A local businesses may have a website as well as listings for people who work for the firm. Examples include, doctors, lawyers and realtors. Google allows both the business and the “individual practitioner” (a Google term) to have a local business listing and to get star ratings.

One of the questions I get asked by these clients is, “should I focus on reviews for the business or reviews for me personally?”

Both are important, but for different reasons.

  • Business Reviews – are important for people searching Google to solve a problem. The contractor who wants to set up a condo association is going to look for a law firm to help. He’s not searching for any specific lawyer. He wants a knowledgeable, reputable, local firm he can trust.
  • Personal Reviews – A friend recommends a Real Estate agent to their friend. 80% of people will Google that name before they call.

Both are important to build business depending on where the customer is in their “search journey” (marcom speak).

What Google Says

An individual practitioner is a public-facing professional, typically with their own customer base. Doctors, dentists, lawyers, financial planners, and insurance or real estate agents are all individual practitioners. Business Profiles for practitioners may include title or degree certification (for example Dr., MD, JD, Esq., CFA).

An individual practitioner should create their own dedicated Business Profile if:

  • They operate in a public-facing role. Support staff should not create their own Business Profiles.
  • They can be contacted directly at the verified location during stated hours.

A practitioner shouldn’t have multiple Business Profiles to cover all of their specializations. Sales associates or lead generation agents for corporations aren’t individual practitioners and aren’t eligible for a Business Profile.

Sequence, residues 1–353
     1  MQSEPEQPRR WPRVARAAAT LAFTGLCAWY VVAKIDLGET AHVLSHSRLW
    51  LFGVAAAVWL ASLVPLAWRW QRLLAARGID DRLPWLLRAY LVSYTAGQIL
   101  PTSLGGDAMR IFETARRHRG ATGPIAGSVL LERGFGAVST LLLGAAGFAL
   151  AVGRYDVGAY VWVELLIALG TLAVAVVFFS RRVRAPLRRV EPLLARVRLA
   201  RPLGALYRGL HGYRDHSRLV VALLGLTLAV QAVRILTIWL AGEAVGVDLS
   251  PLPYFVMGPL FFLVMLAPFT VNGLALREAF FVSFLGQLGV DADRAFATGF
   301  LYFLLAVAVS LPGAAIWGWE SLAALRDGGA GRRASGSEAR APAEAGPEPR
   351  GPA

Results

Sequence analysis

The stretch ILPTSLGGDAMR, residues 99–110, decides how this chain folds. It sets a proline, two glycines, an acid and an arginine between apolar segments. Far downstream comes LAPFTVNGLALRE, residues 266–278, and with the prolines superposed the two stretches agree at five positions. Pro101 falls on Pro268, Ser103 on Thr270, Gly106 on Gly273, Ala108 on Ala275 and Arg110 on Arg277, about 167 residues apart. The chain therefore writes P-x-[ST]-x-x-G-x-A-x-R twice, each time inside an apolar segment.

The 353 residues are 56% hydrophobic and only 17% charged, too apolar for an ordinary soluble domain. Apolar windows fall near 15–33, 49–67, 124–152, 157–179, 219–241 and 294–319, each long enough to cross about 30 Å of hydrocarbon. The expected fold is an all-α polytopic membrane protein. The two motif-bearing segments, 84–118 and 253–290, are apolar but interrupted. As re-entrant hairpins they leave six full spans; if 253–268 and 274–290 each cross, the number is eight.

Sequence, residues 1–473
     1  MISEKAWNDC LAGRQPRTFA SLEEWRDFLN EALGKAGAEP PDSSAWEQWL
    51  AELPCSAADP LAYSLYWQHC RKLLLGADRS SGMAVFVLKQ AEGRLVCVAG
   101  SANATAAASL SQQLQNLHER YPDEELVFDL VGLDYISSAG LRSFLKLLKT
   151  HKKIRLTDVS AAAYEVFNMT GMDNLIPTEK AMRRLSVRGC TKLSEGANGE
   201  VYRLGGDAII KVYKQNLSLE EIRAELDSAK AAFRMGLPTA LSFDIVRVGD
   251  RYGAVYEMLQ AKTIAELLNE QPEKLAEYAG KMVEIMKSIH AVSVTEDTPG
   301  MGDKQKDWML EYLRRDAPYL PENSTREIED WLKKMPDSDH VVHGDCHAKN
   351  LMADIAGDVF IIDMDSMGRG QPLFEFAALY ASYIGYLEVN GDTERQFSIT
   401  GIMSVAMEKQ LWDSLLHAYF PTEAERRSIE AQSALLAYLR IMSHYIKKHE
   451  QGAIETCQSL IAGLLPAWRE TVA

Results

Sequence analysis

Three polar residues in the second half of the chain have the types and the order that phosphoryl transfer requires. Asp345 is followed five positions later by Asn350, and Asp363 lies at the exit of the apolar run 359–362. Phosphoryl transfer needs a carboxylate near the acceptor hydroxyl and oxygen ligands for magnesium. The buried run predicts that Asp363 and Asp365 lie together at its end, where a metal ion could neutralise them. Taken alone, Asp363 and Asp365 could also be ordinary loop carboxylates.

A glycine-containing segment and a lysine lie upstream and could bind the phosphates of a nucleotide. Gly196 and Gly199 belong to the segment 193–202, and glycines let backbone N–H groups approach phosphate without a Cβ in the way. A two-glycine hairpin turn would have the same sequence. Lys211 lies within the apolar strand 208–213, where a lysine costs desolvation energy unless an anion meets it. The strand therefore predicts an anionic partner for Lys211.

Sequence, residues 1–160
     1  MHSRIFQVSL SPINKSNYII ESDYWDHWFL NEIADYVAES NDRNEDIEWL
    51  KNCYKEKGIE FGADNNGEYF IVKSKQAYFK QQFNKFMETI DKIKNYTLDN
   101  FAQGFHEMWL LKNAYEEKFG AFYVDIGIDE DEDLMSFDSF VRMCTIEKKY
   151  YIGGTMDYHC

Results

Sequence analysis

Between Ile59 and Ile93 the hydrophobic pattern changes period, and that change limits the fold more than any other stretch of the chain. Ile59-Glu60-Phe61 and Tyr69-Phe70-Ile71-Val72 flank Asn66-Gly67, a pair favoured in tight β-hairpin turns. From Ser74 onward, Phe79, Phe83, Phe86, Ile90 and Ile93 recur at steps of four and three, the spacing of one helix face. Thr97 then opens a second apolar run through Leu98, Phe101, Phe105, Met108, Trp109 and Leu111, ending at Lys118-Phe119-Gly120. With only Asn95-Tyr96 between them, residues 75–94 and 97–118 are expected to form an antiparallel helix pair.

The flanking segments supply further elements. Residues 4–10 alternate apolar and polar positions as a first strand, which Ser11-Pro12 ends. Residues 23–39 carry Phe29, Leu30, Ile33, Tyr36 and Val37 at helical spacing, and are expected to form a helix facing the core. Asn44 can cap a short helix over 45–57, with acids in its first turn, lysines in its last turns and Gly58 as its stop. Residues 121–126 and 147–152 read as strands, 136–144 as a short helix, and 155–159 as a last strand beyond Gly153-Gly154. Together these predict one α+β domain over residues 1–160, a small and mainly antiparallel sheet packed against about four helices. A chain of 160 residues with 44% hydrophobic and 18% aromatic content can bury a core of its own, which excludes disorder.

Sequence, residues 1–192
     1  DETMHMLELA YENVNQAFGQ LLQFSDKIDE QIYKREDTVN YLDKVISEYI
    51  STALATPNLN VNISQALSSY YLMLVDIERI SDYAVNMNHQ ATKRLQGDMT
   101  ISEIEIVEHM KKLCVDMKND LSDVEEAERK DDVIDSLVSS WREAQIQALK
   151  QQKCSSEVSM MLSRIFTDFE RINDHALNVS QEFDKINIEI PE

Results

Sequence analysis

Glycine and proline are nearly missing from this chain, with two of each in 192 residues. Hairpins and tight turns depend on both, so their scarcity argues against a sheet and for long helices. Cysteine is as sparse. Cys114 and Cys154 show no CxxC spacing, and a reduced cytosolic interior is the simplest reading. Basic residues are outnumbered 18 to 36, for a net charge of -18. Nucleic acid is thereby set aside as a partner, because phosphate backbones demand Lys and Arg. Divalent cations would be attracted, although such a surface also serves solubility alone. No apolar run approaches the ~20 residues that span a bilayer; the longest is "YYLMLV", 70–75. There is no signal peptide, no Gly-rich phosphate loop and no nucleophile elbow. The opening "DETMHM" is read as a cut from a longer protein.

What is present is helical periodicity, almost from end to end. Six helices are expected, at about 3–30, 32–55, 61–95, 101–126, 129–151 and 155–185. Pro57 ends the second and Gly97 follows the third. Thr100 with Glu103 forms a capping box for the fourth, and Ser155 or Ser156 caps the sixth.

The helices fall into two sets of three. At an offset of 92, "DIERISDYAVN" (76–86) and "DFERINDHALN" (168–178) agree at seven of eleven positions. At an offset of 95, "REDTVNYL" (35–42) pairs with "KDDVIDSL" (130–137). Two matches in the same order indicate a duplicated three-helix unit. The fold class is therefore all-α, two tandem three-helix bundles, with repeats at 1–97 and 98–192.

Multiple practitioners at one location

If the practitioner is one of several public-facing practitioners at this location:

  • The organization should create a Business Profile for this location, separate from that of the practitioner.
  • The title of the Business Profile for the practitioner should include only the name of the practitioner, and shouldn’t include the name of the organization.

Solo practitioners that belong to branded organizations

If a practitioner is the only public-facing practitioner at a location and represents a branded organization, it’s best for the practitioner to share a Business Profile with the organization. Create a single Business Profile, named using the following format: [brand/company]: [practitioner name].

Acceptable: “Allstate: Joe Miller” (if Joe is the sole public-facing practitioner at this Allstate-branded location)

What I Recommend

I recommend clients Google both themselves and their business monthly and see what comes up on the first page of Google. You want a solid mix of high reviews (4.8-5 star) on Google and Facebook, as well as targeted directories. For a Realtor, that means Realtor.com and Zillow.com. For an attorney, it means Findlaw.com and Lawyers.com.

Reviews, combined with a website with solid content focused on your firm’s keywords and back links from other websites are the secret sauce to building your business online, and ultimately profits. Guest articles or links to your website from other targeted industry sites are just as important too.

The reason I believe most businesses don’t work for reviews is that reviews don’t build business today – they build business in 3 months to 3 years. In the real estate world, this is called filling your pipeline. The fatter your pipeline, the more low-profit business you can turn away and the more you can charge per hour in the future. A fat pipeline means you can make more money working fewer hours on matters that interest you.

Finally, don’t believe stories about people not trusting reviews. Until something better comes along, reviews still matter.